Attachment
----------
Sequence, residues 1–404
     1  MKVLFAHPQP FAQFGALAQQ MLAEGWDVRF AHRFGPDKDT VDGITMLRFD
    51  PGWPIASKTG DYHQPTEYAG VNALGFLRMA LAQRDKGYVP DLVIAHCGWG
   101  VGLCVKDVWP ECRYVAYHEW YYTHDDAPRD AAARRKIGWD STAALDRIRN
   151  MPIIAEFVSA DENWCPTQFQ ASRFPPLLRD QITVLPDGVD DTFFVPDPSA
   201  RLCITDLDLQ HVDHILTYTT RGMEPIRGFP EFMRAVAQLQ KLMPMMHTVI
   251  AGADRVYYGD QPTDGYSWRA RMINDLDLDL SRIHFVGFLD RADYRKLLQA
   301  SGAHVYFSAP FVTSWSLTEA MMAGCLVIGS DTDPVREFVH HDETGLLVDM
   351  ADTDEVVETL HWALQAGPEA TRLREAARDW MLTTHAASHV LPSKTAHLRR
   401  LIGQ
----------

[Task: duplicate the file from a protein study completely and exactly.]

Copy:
Sequence, residues 1–404
     1  MKVLFAHPQP FAQFGALAQQ MLAEGWDVRF AHRFGPDKDT VDGITMLRFD
    51  PGWPIASKTG DYHQPTEYAG VNALGFLRMA LAQRDKGYVP DLVIAHCGWG
   101  VGLCVKDVWP ECRYVAYHEW YYTHDDAPRD AAARRKIGWD STAALDRIRN
   151  MPIIAEFVSA DENWCPTQFQ ASRFPPLLRD QITVLPDGVD DTFFVPDPSA
   201  RLCITDLDLQ HVDHILTYTT RGMEPIRGFP EFMRAVAQLQ KLMPMMHTVI
   251  AGADRVYYGD QPTDGYSWRA RMINDLDLDL SRIHFVGFLD RADYRKLLQA
   301  SGAHVYFSAP FVTSWSLTEA MMAGCLVIGS DTDPVREFVH HDETGLLVDM
   351  ADTDEVVETL HWALQAGPEA TRLREAARDW MLTTHAASHV LPSKTAHLRR
   401  LIGQ